NOTE: This article is a follow up to an article I posted in May titled Government To Help Parents Parent – Proposes New Limits On Ads Geared Toward Kids
No matter what ails you, no matter what is troubling you, no matter what undesirable set of circumstances you find yourself in, you can take refuge in the fact that no matter what you may have done to put yourself in said predicament, there is always advertising to blame.
While that statement may sound somewhat bombastic, there are those among us who do in fact lay the blame of much of what afflicts society directly at the feet of advertising. I wrote about this very topic in a column for Ad Week last December entitled You Better Not Pout, Kids. Ads Are to Blame. In the piece I referenced a survey which saw one-third of consumers blaming ad agencies and advertising in general for the “current economic crisis because they encouraged people to buy things they couldn’t really afford.”
But the main focus of my article was a woman in California, who along with the Center for Science in the Public Interest (CSPI), sued McDonald’s for deceptive marketing aimed at the youth of the country. The woman in question went so far as to state: “I object to the fact that McDonald’s is getting into my kids’ heads without my permission and actually changing what my kids want to eat.” You can read the full Ad Week article to get my thoughts on this but needles to say, I didn’t think much of this lawsuit.
Now if that weren’t enough, today comes word that the American Academy of Pediatrics (AAP) is jumping into “advertising is evil” – at least when it comes to fast food and kids, fray…
“It’s time for the food industry to clean up its act and not advertise junk food to young children. Just by banning ads for fast food, one study says we could decrease obesity and overweight by 17 percent.” That was a statement made by Dr. Victor Strasburger, who penned the new policy for the AAP. Call me cynical but I would surely love to read more about this study the good doctor references, such as who funded it and who participated in it.
Ok, I WILL be cynical now… By not feeding our kids fast food, at least too much of it – you know, moderation? – and feeding them instead healthier foods, and providing them with the means to exercise and not allowing them to plant themselves in front of the TV all day, could decrease obesity and overweight by 100%!
I love how the original source, courtesy of Reuters, conveniently places this fact smack dabble in the middle of it all: “According to the U.S. Centers for Disease Control and Prevention, more than one in six children and teenagers are obese — up three-fold from a generation ago.” Yes, how convenient to include the fact that more and more American teenagers are fat and that fast food is to blame.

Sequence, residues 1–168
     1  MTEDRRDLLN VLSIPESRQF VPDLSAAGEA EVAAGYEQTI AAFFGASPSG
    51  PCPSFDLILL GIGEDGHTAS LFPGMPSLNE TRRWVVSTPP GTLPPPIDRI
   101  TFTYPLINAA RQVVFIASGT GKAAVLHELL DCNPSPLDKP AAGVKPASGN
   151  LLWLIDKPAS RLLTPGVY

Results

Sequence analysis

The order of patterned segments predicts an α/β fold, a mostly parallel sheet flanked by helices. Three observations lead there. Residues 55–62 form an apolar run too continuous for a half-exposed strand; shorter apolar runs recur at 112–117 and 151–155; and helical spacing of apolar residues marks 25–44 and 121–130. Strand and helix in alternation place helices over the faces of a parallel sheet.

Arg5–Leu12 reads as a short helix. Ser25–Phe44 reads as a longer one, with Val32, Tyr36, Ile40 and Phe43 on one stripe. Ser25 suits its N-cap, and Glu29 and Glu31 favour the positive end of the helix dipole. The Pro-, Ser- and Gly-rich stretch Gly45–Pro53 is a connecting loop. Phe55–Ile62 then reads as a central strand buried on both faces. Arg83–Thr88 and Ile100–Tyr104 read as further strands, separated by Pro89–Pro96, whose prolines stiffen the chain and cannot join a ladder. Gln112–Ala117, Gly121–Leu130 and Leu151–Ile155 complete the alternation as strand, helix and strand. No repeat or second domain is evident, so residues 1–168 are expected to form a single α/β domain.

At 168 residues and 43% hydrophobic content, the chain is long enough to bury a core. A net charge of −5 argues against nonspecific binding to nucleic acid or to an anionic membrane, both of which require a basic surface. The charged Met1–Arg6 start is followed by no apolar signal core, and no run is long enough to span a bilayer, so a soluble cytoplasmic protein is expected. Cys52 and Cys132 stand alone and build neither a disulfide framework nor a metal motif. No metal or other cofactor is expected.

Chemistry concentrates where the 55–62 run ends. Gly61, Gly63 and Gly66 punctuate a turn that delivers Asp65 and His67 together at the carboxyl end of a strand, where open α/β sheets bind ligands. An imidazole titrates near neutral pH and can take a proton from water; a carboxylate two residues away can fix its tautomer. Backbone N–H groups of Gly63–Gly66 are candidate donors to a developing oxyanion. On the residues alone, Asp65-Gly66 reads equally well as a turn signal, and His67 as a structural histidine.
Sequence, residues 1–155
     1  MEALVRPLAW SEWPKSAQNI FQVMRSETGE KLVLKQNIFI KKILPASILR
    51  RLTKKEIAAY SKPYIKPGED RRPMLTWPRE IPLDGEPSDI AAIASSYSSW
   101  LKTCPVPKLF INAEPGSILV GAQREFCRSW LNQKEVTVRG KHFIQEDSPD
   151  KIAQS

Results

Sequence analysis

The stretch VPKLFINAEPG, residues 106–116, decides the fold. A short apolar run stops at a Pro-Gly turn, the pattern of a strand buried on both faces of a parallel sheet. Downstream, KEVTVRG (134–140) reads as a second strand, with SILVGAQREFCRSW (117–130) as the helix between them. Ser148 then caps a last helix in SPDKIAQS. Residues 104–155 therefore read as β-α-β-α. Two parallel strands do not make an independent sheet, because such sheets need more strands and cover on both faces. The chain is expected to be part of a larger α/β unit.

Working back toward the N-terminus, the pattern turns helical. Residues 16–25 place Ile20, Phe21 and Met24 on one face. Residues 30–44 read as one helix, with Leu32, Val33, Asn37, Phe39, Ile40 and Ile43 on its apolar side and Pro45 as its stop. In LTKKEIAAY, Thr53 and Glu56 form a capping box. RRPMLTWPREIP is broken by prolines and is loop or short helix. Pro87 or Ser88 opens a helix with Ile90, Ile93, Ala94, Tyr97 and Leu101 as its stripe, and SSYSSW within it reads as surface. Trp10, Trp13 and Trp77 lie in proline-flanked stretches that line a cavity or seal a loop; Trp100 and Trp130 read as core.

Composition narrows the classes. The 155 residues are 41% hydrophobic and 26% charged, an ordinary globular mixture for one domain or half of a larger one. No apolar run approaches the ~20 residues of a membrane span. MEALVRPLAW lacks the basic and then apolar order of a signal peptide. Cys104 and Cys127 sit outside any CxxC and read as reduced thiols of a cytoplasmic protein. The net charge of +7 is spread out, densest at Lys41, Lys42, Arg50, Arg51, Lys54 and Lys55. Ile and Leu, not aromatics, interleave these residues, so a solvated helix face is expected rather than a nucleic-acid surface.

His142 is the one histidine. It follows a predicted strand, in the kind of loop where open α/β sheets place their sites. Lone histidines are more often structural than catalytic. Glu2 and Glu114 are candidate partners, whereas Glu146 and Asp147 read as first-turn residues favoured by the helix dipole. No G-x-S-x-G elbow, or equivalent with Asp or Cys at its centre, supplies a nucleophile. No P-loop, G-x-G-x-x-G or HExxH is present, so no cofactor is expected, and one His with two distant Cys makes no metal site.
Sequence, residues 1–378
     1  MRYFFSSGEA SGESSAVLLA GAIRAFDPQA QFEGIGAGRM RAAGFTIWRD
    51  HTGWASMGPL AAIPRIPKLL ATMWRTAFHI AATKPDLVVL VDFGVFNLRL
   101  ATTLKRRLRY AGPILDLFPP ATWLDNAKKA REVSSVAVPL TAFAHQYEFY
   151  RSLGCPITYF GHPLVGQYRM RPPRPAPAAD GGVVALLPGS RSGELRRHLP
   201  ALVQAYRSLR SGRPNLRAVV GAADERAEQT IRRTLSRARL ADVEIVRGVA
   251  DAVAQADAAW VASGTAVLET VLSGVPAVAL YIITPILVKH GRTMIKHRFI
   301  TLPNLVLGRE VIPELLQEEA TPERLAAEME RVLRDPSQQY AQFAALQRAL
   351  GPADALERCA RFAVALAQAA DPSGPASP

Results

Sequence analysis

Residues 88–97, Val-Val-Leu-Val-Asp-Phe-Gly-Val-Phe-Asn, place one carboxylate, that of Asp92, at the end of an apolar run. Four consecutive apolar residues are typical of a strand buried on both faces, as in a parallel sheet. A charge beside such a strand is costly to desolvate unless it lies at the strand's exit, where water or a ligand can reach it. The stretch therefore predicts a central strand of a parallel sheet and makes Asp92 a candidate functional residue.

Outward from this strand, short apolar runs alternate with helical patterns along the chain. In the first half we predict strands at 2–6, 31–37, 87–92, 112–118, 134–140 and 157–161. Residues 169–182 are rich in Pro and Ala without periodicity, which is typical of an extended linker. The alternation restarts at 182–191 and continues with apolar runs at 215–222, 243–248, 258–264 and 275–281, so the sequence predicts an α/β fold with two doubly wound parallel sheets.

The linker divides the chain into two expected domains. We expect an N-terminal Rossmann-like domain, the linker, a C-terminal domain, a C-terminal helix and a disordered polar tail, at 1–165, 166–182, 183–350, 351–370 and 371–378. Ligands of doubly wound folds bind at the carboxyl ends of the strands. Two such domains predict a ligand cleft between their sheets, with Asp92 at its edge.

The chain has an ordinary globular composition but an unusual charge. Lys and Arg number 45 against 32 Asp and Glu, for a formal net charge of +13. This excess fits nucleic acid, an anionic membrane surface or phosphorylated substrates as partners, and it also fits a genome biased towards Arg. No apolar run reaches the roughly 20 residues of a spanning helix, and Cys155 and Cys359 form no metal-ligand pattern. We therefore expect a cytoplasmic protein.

The full article, which can be found here and many other media outlets, also goes on to speak to the need to limit TV time overall and also to monitor what our children watch… “Violent content also tended to keep kids up at night, no matter when they watched it.” Wow, shocking news! Gimme a break….
‘I don’t know why Jimmy is so heavy… sure, he eats McDonald’s 4-5 times a week but it’s not my fault. It’s all that darned advertising he sees on TV. I don’t WANT to give him that to eat, but what can I do?’
Now, I made that last line up but it’s definitely a microcosmic (is that even a word?) overview of far too many parents and others in the world today. It’s actually nothing new, the blame game has been around for centuries. When in doubt, blame someone else or in this case, something else for your problems.
How about this? How about parents actually do some parenting?
I have an eleven-year old daughter and six-year old son and I know full well how hard it is to just say no. My wife tells me all the time I don’t say no enough and she’s probably right but enough already with the blame advertising mantra… look yourself in the mirror Moms and Dads. You are responsible for your children. Not some guy in a clown suit with bright red hair and big red feet in a TV commercial.
Sources: Reuters, Google Images, Yahoo, When In Doubt Blame Advertising